“To attract foreign investors, the Central Bank of Nigeria is paying high interest rates on these certificates,” Moody’s analysts Samar Maziad and Marie Diron said in a statement. “This policy is very costly, and has a consequent impact on the yields of other government financing instruments.”
Rationale For The Negative Outlook: Nigeria’s Public Finances Are Increasingly Fragile In A Sluggish Growth Environment. The change of outlook to negative is informed by the increasing fragility of the country’s public finances and sluggish growth prospects.
The increasing fragility of Nigeria’s public finances is evident in the greater reliance by the government on financing from the Central Bank of Nigeria (CBN) over the last three years to cover persistently large fiscal deficits, with CBN cash advances reaching 2.5% of GDP on a net basis at the end of September 2019, in addition to government debt instruments held by the CBN worth 1.4% of GDP. In particular, CBN advances are more expensive than debt funded on the domestic capital market as the CBN applies a penalty rate on top of its monetary policy rate currently at 13.5%.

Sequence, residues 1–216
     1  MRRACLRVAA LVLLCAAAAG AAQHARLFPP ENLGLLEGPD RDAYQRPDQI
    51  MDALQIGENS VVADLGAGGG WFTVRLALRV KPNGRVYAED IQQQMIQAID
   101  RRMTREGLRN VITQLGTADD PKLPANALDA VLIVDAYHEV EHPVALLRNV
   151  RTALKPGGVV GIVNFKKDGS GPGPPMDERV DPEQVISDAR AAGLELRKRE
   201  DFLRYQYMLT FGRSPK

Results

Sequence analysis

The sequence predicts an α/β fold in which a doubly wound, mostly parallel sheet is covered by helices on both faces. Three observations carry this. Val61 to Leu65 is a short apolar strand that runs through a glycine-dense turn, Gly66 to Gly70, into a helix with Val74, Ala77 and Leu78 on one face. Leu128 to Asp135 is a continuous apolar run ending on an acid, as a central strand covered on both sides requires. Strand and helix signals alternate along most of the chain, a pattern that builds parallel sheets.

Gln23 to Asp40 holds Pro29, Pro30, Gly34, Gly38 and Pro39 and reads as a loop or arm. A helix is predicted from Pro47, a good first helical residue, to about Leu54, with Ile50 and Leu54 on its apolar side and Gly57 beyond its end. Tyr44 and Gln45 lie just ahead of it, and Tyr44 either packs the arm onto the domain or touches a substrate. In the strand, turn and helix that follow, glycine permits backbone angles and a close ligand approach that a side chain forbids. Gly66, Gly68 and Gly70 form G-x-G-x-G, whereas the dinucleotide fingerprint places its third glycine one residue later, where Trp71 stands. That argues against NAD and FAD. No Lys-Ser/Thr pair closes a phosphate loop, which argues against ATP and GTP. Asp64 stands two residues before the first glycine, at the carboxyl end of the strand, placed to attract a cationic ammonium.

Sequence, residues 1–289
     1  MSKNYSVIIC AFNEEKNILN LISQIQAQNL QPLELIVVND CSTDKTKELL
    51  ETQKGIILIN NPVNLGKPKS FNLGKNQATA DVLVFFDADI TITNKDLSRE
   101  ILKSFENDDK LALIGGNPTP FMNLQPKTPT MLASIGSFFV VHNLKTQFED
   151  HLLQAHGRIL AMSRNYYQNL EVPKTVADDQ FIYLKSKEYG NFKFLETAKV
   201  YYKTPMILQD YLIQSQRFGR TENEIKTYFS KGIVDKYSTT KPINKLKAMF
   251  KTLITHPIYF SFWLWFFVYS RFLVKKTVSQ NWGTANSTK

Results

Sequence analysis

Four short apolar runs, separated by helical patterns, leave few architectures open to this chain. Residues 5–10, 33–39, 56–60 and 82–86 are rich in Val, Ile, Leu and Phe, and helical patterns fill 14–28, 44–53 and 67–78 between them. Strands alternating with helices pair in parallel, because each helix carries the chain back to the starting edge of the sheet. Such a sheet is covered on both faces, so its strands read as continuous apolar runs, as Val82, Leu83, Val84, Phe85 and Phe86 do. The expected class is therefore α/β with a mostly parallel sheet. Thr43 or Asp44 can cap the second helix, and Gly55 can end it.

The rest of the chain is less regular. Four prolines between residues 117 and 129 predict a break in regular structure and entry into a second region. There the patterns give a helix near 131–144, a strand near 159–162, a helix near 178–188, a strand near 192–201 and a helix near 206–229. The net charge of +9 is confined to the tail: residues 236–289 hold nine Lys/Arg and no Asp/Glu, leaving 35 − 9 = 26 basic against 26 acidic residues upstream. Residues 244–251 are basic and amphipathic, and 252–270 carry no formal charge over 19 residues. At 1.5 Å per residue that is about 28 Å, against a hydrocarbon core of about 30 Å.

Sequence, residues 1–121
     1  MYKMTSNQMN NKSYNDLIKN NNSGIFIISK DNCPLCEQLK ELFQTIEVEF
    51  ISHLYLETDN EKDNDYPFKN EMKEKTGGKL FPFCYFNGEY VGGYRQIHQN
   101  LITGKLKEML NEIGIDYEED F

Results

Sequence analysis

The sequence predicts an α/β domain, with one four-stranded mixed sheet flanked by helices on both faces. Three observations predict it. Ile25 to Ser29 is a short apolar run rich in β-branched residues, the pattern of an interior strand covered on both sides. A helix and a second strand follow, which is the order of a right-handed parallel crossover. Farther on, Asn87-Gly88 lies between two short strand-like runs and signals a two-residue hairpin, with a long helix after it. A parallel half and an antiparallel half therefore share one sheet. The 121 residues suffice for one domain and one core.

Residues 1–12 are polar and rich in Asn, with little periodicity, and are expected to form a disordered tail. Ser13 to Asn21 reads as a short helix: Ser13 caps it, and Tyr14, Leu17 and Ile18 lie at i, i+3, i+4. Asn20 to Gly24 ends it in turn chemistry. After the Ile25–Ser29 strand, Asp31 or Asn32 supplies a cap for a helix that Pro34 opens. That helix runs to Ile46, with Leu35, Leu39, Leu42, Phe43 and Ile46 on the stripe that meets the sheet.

Moody’s expects general government revenues to remain very low at around 8% of GDP until 2022, despite measures to such as the VAT rate increase to 7.5% from 5% in 2020. Consequently, debt affordability will remain weak, with general government interest payments at around 25% of revenues in the next few years.
The administration’s focus on increasing infrastructure spending from very low levels will further exert pressure on fiscal deficits even if it is likely that much-needed capital expenditure will continue to be under-realised compared to the budgets, as capex is curtailed in order to contain the overall budget deficit.